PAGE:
Epinephrine auto-injectors: to prescribe or not to prescribe

22 May 2018 (Last Updated November 22nd, 2018 11:23)

If popular culture has taught us anything about anaphylaxis, it is that rapid injection of epinephrine is necessary to reverse the catastrophic symptoms and survive the episode.

Epinephrine auto-injectors: to prescribe or not to prescribe

If popular culture has taught us anything about anaphylaxis, it is that rapid injection of epinephrine is necessary to reverse the catastrophic symptoms and survive the episode. Though epinephrine itself has been off-patent for decades, the epinephrine market has remained a growing and competitive space based on the development of patented delivery devices known as epinephrine auto-injectors (EAIs), the most ubiquitous of these being Mylan’s EpiPen.

EAIs are designed to be portable and to quickly and accurately deliver a specific dose of epinephrine in the event of an accidental exposure to allergen. As part of an upcoming report on the treatment of peanut allergy, a disease for which anaphylaxis is a serious concern, GlobalData conducted a survey among high-prescribing physicians (primary care providers and allergists) from the US, the 5EU (France, Germany, Italy, Spain, and the UK), Canada and Australia. The survey results highlighted an important trend: physicians from the four geographies prescribe EAIs to their peanut allergy patients at starkly different rates.

Figure 1 shows EAI prescription rates across the four geographies covered in the survey. While physicians from the US and Canada prescribed epinephrine auto-injectors to 88% and 100% of their peanut allergy patients, respectively, physicians from Australia and the 5EU prescribed the devices to a much smaller percentage of patients.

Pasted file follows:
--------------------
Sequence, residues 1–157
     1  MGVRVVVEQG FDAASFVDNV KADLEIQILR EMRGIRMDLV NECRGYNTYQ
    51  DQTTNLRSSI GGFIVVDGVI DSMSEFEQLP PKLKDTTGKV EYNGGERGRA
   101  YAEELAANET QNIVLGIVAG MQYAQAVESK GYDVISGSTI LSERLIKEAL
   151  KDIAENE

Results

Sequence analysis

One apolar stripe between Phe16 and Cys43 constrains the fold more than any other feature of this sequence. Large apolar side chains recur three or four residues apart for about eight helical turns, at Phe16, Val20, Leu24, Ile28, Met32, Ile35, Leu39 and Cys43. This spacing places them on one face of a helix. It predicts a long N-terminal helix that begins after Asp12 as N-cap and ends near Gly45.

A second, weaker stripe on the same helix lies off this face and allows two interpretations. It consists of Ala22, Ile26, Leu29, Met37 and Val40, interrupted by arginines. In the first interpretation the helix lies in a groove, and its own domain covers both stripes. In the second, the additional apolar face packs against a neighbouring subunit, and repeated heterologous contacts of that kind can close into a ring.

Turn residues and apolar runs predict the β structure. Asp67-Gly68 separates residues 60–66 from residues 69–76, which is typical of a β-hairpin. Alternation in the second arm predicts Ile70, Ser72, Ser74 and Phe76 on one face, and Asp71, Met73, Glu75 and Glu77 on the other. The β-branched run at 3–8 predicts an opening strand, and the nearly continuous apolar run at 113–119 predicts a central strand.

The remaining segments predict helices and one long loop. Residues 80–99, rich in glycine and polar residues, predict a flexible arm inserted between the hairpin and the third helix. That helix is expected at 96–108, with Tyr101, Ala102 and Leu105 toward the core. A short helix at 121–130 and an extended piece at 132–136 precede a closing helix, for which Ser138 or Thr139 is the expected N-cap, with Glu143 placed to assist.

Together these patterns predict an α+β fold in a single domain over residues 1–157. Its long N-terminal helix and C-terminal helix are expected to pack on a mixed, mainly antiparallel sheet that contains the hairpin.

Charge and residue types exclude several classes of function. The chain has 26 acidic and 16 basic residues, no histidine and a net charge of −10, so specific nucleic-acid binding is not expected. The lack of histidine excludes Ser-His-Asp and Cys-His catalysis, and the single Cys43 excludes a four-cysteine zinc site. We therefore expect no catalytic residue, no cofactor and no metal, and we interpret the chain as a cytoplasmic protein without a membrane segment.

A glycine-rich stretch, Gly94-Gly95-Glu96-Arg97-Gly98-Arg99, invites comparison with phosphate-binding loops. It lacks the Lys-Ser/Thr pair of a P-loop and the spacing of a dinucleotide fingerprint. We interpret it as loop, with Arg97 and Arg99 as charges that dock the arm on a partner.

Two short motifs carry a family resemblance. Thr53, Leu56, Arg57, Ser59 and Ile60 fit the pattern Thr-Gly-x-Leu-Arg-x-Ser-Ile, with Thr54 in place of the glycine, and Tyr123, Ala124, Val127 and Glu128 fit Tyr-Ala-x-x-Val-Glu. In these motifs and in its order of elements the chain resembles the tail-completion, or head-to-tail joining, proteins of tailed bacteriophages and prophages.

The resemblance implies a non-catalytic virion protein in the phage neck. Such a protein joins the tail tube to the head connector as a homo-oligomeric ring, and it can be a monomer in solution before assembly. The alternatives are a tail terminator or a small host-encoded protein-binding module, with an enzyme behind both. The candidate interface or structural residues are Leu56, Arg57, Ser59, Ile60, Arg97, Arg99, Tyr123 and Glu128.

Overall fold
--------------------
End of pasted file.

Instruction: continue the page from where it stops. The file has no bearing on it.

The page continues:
Figure 1: rates of epinephrine auto-injector prescription to peanut allergy patients throughout 8mm


Source: GlobalData; Survey of high-prescribing physicians across the 8MM. 5EU = France, Germany, Italy, Spain, UK; 8MM = US, 5EU, Australia, Canada

Key opinion leader (KOL) insight suggests that much of this geographical difference is rooted in the ways physicians choose to treat two groups of patients in particular: the very young (between 1–3 years old) and those with a history of only ‘mild’ reactions.

An Australian KOL interviewed by GlobalData explained that for mild peanut allergy in very young kids, probably half of his department doesn’t prescribe EAIs. Though the prescription rate typically increases as patients get older and go to school, he noted that it can vary substantially from practice to practice. Factors driving differences in prescription rate include where a particular physician received their training, who is the head of their department, as well as the physician’s particular level of risk aversion.

In contrast, a KOL from Canada asserted it would be “basically malpractice” to not prescribe EAIs to all peanut allergy patients, irrespective of the severity of prior reactions. It is well described in the peanut allergy literature that a mild initial presentation of peanut allergy does not ensure that subsequent reactions will also be mild. A US KOL explained that the only patients he didn’t prescribe EAIs to were those that were confirmed to have a rare, mild form of peanut allergy called Oral Allergy Syndrome. Otherwise, he prescribed an EAI to everyone, even if their history had been of only mild reactions.

GlobalData’s survey data provide unique insight into the differing attitudes of physicians towards the prescription of epinephrine auto-injectors for patients with peanut allergy. A better understanding for how geography and local perception of the disease can alter prescription patterns will be critical to better predicting the dynamics of this budding market in the future.

Related reports

GlobalData (2018). OpportunityAnalyzer: Peanut Allergy – Opportunity Analysis and Forecasts to 2027, to be published